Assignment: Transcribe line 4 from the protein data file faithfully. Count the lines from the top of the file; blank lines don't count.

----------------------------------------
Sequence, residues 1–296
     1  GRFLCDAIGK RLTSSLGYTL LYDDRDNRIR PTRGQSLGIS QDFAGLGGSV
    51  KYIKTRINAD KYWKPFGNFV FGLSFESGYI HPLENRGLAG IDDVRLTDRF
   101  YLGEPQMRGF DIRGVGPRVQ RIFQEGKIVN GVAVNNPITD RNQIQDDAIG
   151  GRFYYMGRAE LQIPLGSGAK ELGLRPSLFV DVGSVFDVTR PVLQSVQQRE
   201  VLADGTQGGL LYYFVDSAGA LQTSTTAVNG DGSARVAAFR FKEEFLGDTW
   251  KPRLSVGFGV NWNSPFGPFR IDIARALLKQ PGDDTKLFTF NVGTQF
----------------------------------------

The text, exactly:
   101  YLGEPQMRGF DIRGVGPRVQ RIFQEGKIVN GVAVNNPITD RNQIQDDAIG